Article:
2
votes
1answer
205 views

Zero entropy change

If you put a object in contact with a heat reservoir that is infinitesimally higher in temperature than the object and allow equilibrium to be reached the entropy change is zero right?
2
votes
3answers
183 views

Why is current not 0 in a regular resistor - battery circuit immediately after you closed a circuit?

In regular open circuits with either a capacitor or inductor element, (when capacitor is uncharged) with a battery, when a switch is closed to complete the circuit the current is said to be 0 because ...
1
vote
3answers
224 views

In solving the hydrogen atom, how to see intuitively in advance that the spin effects to the energy spectrum can be ignored?

When the hydrogen atom is solved in QM books spin is usually ignored because its effect is to add tiny piece to the energy. My question is, is there a way to see this in advance, to see that if we ...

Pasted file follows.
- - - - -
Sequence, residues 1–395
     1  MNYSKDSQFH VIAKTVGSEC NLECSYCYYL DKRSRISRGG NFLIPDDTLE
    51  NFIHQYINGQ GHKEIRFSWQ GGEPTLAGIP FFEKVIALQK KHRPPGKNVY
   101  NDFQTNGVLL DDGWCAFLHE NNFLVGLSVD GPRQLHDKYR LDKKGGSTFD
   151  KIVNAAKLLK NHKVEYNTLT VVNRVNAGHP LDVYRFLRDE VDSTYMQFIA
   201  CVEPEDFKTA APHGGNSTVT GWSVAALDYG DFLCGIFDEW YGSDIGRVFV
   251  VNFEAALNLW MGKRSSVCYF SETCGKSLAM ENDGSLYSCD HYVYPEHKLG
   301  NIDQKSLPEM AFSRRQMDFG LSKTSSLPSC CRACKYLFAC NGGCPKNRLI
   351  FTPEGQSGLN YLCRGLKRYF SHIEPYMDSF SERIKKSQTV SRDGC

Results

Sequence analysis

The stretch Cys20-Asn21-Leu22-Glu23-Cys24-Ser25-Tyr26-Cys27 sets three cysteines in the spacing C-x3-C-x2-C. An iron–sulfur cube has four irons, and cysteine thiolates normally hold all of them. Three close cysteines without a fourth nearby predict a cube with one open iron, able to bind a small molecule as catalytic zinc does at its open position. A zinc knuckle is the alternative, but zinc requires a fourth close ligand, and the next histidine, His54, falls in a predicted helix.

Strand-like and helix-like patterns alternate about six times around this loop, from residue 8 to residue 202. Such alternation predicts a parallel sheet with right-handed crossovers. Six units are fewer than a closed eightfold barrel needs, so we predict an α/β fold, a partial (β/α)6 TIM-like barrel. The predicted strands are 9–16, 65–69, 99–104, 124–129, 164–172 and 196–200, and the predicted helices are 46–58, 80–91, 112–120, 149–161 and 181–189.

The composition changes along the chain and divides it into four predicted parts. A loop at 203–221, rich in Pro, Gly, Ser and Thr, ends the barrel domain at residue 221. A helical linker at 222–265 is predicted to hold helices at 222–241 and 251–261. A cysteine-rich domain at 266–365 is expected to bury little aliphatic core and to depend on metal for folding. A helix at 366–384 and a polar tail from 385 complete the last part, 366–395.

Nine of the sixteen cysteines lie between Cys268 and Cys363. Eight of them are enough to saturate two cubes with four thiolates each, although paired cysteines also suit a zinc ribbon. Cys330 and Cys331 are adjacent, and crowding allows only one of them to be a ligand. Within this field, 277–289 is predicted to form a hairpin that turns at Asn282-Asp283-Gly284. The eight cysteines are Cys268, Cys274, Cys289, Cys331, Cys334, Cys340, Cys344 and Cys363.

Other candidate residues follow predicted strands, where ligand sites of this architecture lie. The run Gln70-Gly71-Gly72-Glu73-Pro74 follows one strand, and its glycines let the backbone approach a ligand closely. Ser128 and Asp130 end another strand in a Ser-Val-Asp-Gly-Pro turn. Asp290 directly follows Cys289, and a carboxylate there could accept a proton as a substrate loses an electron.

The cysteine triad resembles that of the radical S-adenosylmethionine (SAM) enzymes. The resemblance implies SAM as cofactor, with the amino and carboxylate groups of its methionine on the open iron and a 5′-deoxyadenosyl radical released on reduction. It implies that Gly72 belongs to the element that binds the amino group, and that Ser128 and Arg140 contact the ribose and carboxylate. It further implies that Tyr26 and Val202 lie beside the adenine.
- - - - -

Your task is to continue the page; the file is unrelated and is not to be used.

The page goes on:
3
votes
2answers
119 views

A problem of approximation [duplicate]

Possible Duplicate: Why are continuum fluid mechanics accurate when constituents are discrete objects of finite size? When we apply differentiation on charge being conducted with respect to ...
2
votes
1answer
119 views

Are Quantum Physics and statistical theory always the same as semiclassical approximations?

Quantum Mechanics and Statistical physics is a bit hard , could we then study only the WKB approximation ? In the form: replace $ \sum_{n=0}^{\infty}exp(- \beta E_{n})=Z(\beta)\sim\iint ...
1
vote
0answers
165 views

Hooke's Law and the shape of coils

I've learned in school that the force in a coil is $F=kx$, linear on how much the coil is stretched. Two questions: Is it always linear for every shape of a coil? Does it remain linear if we ...
2
votes
1answer
405 views

Proof of adiabatic theorem on Wikipedia

I'm having trouble following the proof of the adiabatic theorem (apparently due to Messiah) on Wikipedia. At one stage we have: $U(t_1,t_0)=1+{1\over i}\int_{t_0}^{t_1}H(t)dt+{1\over ...
2
votes
3answers
255 views